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Monday, February 10, 2020

'Marlina the Murderer in Four Acts' DVD: Asian-Style 'Kill Bill'

Icarus Films once more shows the immense value of world cinema as to the DVD release of the 2017 Indonesian feminist drama "Marlina the Murderer in Four Acts." This compelling movie with a strong live-stage vibe shows that Quentin Tarantino does not have the monopoly on Amazon warrior revenge films.

The 17 wins and 25 additional nominations for "Marlina" show that director Mouly Surya has all the right stuff; these accolades include numerous honors at the 2018 Film Festival Indonesia and Best Cinematography at the 2018 Asia-Pacific Film Festival.

The following Icarus trailer for "Marlina" clearly shows the Tarantino and classic Western influences on this must-see film.

The titular felon is a relatively recent widow living in relative isolation on her farm; as is typical for good storytelling, the extent of her woes is revealed throughout the film.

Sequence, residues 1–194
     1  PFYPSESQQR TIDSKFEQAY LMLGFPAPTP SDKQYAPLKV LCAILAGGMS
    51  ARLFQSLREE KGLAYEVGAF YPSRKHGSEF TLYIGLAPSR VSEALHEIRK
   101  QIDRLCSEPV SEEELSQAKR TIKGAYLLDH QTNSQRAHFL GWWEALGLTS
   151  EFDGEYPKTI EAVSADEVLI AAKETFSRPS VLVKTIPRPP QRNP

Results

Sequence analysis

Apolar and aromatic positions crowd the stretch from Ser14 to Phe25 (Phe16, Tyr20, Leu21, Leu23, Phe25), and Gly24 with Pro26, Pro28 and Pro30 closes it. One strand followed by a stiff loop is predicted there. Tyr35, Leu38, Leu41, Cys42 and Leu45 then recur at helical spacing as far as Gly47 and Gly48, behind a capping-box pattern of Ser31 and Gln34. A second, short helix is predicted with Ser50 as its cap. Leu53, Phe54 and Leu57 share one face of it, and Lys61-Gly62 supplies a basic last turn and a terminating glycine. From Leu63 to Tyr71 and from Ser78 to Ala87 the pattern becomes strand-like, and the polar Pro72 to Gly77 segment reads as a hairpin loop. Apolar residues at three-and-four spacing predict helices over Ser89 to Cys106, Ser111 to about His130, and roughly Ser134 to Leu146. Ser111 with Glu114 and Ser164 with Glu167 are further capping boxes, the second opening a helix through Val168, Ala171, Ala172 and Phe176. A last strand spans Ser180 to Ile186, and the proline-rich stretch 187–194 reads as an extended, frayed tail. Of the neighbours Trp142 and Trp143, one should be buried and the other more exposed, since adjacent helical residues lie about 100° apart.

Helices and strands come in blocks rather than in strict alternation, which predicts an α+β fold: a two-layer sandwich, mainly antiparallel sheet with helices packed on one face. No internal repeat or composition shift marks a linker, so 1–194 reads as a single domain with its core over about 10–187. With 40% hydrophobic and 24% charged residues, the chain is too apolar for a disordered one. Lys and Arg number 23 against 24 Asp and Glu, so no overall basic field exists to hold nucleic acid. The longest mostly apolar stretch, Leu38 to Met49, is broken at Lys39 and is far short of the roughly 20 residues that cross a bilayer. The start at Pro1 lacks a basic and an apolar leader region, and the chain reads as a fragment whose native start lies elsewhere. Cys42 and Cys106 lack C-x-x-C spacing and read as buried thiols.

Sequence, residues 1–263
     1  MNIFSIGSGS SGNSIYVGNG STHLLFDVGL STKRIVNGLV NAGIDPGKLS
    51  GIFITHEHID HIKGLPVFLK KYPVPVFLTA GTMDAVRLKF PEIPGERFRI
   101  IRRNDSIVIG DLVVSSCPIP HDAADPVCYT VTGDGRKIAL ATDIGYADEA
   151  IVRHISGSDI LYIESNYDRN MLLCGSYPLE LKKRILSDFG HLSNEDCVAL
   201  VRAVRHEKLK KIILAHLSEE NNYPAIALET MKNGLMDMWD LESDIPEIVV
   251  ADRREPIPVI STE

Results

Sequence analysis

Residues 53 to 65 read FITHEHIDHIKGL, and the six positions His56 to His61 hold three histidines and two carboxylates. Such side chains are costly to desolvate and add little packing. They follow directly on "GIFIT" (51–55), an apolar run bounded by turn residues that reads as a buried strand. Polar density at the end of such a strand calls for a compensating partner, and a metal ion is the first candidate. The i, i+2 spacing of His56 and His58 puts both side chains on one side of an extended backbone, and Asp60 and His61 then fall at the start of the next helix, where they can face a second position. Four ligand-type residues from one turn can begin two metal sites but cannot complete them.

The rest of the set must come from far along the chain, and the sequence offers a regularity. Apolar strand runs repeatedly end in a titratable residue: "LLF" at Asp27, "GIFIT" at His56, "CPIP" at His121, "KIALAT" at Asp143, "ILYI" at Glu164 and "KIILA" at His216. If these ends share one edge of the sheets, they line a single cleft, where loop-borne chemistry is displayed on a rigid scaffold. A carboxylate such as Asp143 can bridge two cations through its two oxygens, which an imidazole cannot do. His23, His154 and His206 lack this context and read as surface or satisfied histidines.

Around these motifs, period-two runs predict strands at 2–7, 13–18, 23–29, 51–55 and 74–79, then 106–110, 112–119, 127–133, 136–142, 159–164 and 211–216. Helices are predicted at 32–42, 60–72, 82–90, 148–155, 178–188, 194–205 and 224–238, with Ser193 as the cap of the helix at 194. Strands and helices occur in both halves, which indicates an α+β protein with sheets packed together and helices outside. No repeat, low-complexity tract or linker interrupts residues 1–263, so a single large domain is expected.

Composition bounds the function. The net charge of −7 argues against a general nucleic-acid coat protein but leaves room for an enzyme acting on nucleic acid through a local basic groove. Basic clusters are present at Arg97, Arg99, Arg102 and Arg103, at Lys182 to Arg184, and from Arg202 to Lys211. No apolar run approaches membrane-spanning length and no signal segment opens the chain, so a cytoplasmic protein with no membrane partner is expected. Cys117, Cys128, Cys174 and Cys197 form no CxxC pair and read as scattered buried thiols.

The nightmare begins within the first moments of "Marlina." Bad hombre Markus shows at her door and immediately plays cat-and-mouse. The horrible truth is soon shared when the interloper matter-of-factly tells his hostess that his gang is on their way to steal all of her livestock and to rape her if they have time after that theft. He adds insult to those imminent injuries by ordering her to start cooking dinner for the group.

As the film title indicates, things do not go as planned. This leads to the second act that centers around Marlina taking the long journey to the nearest town to report the crimes and her response with extreme prejudice. This trip involves both "persuading" a bus driver to co-operate and an overdue pregnant woman with her own man troubles to join the crusade. 

The response of the police is true to factual and fictional patterns; any viewer with a soul will want to smash the typewriter of the cop who takes the statement of Marlina over his head. 

The long arm of the law coming up short leads to showing that you sometimes must send a woman to do the job of a man. The even more sad truth as to this is that it demonstrates the limited extent to which the phrase "you've come a long way, Baby" applies. 

All of this leads to a climax that brings the action back full circle to the beginning of the film; the sad messages as to this are that things never change and that you often much take matters into your own hands.

The bonus features include behind-the-scenes coverage and an interview with Surya.

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